Leben’s violent style endears him to British UFC fans
Before their recent International Series game at Wembley Stadium in London, the Chicago Bears were criticized for their late arrival to the United Kingdom. Chris Leben is not making the same mistake.
While local fans felt a sense of rejection from Lovie Smith and company compared to the engaging and enthusiastic Tampa Bay Buccaneers who took the time to visit communities, the brawler from Oregon is intent on paying homage to British culture, from the pugilistic arts to good old fashioned teapots.
Leben’s unique personality makes him appeal to audiences worldwide. Despite having started his career at the amateur wrestling stronghold that was Team Quest in Portland, the 31-year-old shuns the safer styles of fighting.
He has experienced the occupational hazards of his ‘kill or be killed’ approach this year with a devastating destruction of Wanderlei Silva following a knockout loss at the hands of Brian Stann.
Ahead of his main event fight against Mark Muñoz this weekend, the fan favorite addressed the media in the Midlands – an area which has produced boxers such as Carl Froch and Matthew Macklin, who have boxed in World title fights in the last year alone – and says he would rather retire than compromise.
“There is such a wonderful background in striking and such a history of boxing,” Leben said of the United Kingdom.
“In America we have wrestling in high school and lots and lots of wrestlers, but the British culture has learned to grow and love and appreciate the stand-up art.
“They enjoy seeing knockouts. They don’t want to see two guys rolling around on the ground. They want to see two guys throw bombs and knock each other out. That’s what I do, so I hope that’s why they like me.
“I’ve been watching a lot of fights lately where the champions – and maybe it’s just me – but it seems like they are fighting not to lose.
“I’d quit if that’s what I started doing. I fight to win. I fight to finish my opponent. I don’t fight to not lose and that’s what you’re going to see.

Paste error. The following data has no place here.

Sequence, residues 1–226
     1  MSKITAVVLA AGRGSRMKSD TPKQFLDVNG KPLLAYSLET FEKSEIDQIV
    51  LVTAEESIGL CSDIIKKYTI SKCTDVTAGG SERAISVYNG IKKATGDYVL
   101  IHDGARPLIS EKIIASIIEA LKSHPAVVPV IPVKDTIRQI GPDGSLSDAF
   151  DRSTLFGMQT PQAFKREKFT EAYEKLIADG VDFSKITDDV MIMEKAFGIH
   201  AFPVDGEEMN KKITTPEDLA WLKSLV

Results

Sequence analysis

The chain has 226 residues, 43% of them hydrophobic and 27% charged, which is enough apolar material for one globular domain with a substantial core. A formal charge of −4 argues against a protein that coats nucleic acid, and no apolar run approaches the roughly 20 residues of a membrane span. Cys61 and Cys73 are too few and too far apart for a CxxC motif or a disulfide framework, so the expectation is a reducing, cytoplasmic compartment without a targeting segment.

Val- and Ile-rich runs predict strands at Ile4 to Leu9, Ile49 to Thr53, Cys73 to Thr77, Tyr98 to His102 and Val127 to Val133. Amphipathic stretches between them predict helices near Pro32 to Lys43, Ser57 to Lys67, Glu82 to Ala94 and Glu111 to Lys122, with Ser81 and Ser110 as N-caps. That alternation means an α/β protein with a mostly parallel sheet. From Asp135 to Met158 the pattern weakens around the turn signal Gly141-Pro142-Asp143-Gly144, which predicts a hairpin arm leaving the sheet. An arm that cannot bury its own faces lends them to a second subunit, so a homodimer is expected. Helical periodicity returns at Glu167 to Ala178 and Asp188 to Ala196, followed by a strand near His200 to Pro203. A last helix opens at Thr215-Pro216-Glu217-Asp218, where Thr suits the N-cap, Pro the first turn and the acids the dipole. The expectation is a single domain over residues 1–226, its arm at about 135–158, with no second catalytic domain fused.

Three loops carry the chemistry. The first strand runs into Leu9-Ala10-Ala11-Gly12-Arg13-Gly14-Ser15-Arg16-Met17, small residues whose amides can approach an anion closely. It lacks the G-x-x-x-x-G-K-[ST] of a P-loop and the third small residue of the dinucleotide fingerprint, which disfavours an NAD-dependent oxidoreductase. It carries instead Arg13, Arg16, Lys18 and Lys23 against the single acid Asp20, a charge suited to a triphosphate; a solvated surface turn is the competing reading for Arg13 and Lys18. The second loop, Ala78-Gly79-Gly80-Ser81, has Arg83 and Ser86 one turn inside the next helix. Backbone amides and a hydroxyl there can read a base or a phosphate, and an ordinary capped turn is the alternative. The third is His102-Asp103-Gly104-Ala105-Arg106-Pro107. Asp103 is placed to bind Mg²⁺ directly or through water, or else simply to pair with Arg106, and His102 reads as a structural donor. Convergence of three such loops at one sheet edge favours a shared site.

For a fight where, for the first time in company history, a non-title fight could go on for five rounds, it was accepted by both men that it has little chance of living up to that aspect of its billing.
Leben has gone to decision just twice in his last nine fights – one of which came against Michael Bisping in Birmingham just over three years ago – while Muñoz has exhibited a more aggressive style since his split decision loss to Yushin Okami in last August.
As the ‘Filipino Wrecking Machine’ succinctly put it: “He throws bombs. I throw bombs too. So bombs away.” Both men refer to a stoppage finish as though it is a foregone conclusion. In fact, Leben revealed that, rather than his opponent, his initial fear after being asked to fight in the UK again was the standard of cuisine on offer.
“English food is good, just not when you’re training,” he said. “On Sunday I’ll love English food, but right now I can’t eat a lot of it, so it has posed a bit of an issue in terms of eating what I like to eat and what my body is used to.
“Diet is so important. It’s one thing that over the years I have learned – you are what you eat and what you put into your body.
“I’ve got to be really careful and I did a lot of shopping. I just boiled whole wheat pasta in my teapot!”
A traditional English breakfast of eggs, bacon, tomatoes, sausages, mushrooms, fried bread and a cup of tea will taste a lot sweeter if he is successful in emulating the likes of Froch the night before.